Do the Covid Modelers Add Up?
As we endure these tense times of Auckland's lockdown, a government call is being made shortly whether to continue with the Level 4 lockdown. Now here's one observation which just doesn't add up to me.
Last year, on 20 April, 2020, the Cabinet was faced with almost the same decision, namely whether to drop from Level 4 to 3. The Productivity Commission wrote in their report on this decision that daily new cases "had dropped" ... "to an average of 10 for the preceding four days". Using these numbers, the Commission's cost-benefit analysis which "incorporated both health and economic costs" lent support to the view that the alert level should have been lowered at the time. However that view was strongly opposed by, guess who? The government's official Covid modelers. They asserted that the Commission was incorrect & the risk of the virus blowing up again was so large that the alert level should be kept at four. Which it was. And they pejoratively referred to the Commission's model as a "toy".
The modelers went so far as to write in the Spinoff, "Unfortunately, the commission’s report is based on a fundamental misunderstanding of the nature of disease transmission dynamics and, as a result, grossly underestimates the benefits of the level 4 extension". They said the Commission had made an "error", was "wildly off the mark" and even got political, taking a swipe at ACT, "Unfortunately, the error has resulted in media coverage that misrepresents the social & economic consequences of the decisions made in April. This has the potential to undermine decisions in the future – indeed, the Act Party is already questioning the lockdown extension using the commission’s paper".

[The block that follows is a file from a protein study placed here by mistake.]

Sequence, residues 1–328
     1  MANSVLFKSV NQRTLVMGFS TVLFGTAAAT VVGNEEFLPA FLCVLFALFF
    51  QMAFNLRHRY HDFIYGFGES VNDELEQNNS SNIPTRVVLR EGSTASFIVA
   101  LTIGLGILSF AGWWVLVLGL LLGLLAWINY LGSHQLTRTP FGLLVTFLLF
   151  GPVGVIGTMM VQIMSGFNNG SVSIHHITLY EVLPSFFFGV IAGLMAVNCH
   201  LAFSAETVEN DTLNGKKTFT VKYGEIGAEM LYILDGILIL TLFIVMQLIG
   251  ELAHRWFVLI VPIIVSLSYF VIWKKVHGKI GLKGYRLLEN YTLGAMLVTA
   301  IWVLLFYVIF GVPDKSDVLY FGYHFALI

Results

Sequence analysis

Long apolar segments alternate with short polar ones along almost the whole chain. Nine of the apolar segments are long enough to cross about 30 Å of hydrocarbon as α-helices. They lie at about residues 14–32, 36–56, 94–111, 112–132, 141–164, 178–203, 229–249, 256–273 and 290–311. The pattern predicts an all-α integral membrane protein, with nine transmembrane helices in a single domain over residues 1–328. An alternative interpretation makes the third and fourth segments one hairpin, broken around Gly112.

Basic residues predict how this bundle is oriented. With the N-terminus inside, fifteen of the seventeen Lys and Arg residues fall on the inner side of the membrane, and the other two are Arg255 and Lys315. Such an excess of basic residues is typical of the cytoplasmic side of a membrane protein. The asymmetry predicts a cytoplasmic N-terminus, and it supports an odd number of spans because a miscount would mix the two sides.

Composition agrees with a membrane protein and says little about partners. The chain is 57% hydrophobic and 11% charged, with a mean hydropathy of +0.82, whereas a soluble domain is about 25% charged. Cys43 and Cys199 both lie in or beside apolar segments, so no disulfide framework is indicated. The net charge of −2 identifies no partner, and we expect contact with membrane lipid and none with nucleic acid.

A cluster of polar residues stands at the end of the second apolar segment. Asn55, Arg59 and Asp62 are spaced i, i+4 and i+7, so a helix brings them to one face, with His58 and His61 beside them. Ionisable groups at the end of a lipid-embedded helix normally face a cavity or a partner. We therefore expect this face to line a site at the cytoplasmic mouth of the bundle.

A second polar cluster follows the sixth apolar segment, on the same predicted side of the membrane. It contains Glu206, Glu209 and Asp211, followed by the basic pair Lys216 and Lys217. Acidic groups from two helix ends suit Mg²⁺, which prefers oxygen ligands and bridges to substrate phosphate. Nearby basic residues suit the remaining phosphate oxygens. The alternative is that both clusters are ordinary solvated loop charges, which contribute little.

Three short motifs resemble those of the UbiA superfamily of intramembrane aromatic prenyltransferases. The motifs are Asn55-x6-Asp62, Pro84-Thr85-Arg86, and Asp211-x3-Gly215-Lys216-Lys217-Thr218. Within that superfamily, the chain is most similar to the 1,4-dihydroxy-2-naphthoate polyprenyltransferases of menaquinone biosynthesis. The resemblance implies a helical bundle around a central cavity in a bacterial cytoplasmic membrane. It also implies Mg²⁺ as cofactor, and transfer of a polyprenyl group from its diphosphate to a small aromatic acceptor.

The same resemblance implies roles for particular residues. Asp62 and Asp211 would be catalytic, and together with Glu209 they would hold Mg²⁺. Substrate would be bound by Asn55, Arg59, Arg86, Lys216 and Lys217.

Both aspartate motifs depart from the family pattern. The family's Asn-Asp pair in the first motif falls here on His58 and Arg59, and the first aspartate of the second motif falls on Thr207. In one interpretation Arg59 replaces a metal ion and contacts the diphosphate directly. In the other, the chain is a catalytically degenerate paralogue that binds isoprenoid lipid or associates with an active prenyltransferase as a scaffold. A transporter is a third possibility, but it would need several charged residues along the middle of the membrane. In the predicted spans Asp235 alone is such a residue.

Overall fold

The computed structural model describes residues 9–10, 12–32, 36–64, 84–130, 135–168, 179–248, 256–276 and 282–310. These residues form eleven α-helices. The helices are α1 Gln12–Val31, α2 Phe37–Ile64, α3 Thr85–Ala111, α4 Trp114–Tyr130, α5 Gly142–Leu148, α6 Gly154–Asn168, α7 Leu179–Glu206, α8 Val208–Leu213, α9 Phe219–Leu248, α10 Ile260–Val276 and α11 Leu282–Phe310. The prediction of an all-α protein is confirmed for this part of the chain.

So what's the situation on 20 September, 2021? A far more contagious strain of the virus is on the loose. And we have averaged around 20 cases the past four days. Yet the very same modelers who could not have more strongly opposed the drop from Level 4 to 3 last year now say, regards the current decision, "everybody's a bit over level 4, people need a bit of light at the end of the tunnel" and "It's probably worth taking a calculated risk". The Herald also reported the modelers as saying that going to Level 3 is not going to cause a “catastrophe” if it turned out to be the wrong move, and anyhow, if they couldn’t eliminate the cluster, and it grew again, authorities had the option of returning to Level 4.
So, to summarize. Are the official Covid modelers who so strongly opposed the drop in alert levels last year, based on the preceding four-day average of TEN cases of the LESS contagious strain, now, based on a preceding four-day average of TWENTY cases of a WAY MORE contagious strain, reversing their advice? Did I miss something?